This new discovery can refine nitrous oxide emission predictions well and guide future agriculture and soil management practices. Michigan State University scientists identified new source of nitrous oxide, greenhouse gases that’s more power than carbon dioxide.
It’s difficult to study entire field as a source of greenhouse gas emissions. When the source is grams of soil harboring decomposing leaves. Changing the view from binoculars to microscopes will help improve N2O emission predictions. Which traditionally are about 50 percent accurate, at best. Nitrous oxide’s global warming potential 300 times greater carbon dioxide, and emissions largely driven by agricultural practices.
Partnership with university of chicago
To open secrets of N2O hotspots took soil samples from MSU’s Kellogg Biological Station Long-term Ecological Research site. In partnership with scientists from the University of Chicago at Argonne National Laboratory. Examined the samples at Argonne’s synchrotron scanning facilities, a much more powerful version of a medical CT scanner. The powerful X-ray scanner penetrating into soil allowing team to accurately characterize environments N2O produced and emitted.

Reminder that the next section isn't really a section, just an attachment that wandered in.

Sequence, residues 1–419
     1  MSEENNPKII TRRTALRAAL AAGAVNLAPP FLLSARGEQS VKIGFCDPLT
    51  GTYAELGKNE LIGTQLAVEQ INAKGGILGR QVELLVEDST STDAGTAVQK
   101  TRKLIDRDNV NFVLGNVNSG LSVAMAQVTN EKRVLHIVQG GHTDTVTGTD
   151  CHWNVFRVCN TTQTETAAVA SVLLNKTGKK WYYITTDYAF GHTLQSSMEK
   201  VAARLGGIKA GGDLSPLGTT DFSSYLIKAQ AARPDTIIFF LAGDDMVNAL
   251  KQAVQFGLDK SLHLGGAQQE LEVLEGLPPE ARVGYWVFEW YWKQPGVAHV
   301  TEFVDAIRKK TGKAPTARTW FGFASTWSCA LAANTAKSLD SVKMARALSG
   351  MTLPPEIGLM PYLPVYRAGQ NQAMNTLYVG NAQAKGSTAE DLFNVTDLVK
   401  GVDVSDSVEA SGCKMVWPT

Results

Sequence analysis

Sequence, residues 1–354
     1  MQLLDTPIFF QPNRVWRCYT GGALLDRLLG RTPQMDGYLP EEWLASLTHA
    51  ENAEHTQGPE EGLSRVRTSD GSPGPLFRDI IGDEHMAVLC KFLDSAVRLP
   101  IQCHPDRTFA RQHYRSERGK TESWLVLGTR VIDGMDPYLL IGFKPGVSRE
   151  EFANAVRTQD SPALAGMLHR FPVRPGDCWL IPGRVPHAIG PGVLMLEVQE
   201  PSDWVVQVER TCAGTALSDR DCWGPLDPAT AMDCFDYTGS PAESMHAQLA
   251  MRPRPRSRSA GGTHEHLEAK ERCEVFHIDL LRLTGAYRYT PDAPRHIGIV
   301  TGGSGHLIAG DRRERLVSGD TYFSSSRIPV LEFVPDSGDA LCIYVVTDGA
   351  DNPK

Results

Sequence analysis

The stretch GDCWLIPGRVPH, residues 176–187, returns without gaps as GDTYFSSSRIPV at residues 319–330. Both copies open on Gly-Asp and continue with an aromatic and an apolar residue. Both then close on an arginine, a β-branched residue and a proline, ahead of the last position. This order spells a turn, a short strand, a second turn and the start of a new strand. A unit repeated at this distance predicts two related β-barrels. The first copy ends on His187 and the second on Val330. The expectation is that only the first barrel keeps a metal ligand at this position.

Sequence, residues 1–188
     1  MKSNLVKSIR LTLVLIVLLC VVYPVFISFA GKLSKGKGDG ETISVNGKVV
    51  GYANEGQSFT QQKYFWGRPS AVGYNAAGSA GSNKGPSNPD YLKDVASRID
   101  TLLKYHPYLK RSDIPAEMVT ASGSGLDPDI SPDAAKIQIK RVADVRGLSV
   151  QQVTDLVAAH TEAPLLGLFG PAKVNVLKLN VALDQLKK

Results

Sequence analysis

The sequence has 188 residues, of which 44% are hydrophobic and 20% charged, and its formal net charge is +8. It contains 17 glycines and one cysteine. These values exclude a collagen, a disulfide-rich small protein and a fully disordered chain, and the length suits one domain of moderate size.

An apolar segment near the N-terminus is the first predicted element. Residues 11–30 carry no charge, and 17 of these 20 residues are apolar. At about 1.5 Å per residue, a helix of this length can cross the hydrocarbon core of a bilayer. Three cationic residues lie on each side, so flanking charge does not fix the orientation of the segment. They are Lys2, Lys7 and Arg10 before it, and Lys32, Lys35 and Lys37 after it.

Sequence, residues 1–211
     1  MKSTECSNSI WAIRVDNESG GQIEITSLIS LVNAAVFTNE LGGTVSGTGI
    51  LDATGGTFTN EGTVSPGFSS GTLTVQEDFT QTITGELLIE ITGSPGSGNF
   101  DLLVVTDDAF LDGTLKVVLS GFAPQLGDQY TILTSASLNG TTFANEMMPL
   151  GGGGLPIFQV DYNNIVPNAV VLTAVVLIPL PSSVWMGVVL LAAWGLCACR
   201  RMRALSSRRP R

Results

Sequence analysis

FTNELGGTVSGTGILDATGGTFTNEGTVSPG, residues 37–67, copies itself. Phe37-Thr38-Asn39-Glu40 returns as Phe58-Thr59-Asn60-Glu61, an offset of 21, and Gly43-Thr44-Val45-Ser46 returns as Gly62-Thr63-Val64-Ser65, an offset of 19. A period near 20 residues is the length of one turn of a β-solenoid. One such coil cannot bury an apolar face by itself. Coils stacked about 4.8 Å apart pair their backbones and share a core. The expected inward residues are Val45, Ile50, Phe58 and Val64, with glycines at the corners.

“We found that hotspot emissions happen only when large soil pores are present” says Sasha Kravchenko,lead author of the study. The leaf particles act as tiny sponges in soil. Soaking up water from large pores to create a micro-habitat perfect for the bacteria that produce nitrous oxide.
N2O produced areas smaller pores are present. Small pores in clay soils hold water more tightly it can’t be soaked up by leaf particles. Without additional moisture bacteria aren’t able to produce as much nitrous oxide. Similarly, small pores make it harder for gas produced to leave soil before being consumed by other bacteria.
In addition this study looked at the geometry of pores in soils as a key variable that affects how nitrogen moves through those soils. Knowing this information will lead to new ways of reducing the emission of nitrous oxide from agricultural soils.
More specifically, future research will review which plant leaves contribute to higher N2O emissions. Plants with more nitrogen in their leaves, such as soybeans, will more than likely give off more N2O as their leaves decompose. Researchers also will look at leaf and root characteristics and see how they influence emissions.